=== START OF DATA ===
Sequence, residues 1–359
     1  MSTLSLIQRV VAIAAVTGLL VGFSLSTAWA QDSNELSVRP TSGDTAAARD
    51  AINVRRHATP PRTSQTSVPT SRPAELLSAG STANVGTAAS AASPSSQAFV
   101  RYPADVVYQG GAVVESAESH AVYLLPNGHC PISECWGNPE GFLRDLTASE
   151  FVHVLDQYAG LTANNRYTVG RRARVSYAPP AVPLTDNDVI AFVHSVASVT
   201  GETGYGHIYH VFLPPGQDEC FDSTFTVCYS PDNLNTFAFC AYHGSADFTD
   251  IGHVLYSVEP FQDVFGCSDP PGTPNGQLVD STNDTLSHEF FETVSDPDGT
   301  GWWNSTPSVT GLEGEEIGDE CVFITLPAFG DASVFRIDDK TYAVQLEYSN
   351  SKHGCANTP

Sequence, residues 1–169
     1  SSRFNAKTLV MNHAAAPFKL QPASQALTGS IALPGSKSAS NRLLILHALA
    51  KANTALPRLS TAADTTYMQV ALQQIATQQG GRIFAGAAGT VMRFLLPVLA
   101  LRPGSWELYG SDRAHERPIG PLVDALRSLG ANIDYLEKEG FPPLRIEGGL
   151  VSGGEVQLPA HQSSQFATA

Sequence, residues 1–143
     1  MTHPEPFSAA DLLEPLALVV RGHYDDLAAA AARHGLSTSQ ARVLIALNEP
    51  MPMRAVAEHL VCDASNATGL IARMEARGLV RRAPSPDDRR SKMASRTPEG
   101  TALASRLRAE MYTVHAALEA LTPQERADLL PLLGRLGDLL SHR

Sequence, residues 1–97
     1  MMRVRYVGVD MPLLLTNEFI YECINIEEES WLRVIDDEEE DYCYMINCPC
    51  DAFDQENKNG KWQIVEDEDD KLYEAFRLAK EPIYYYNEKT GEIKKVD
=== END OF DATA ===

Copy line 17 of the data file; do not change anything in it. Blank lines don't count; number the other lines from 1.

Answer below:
    51  MPMRAVAEHL VCDASNATGL IARMEARGLV RRAPSPDDRR SKMASRTPEG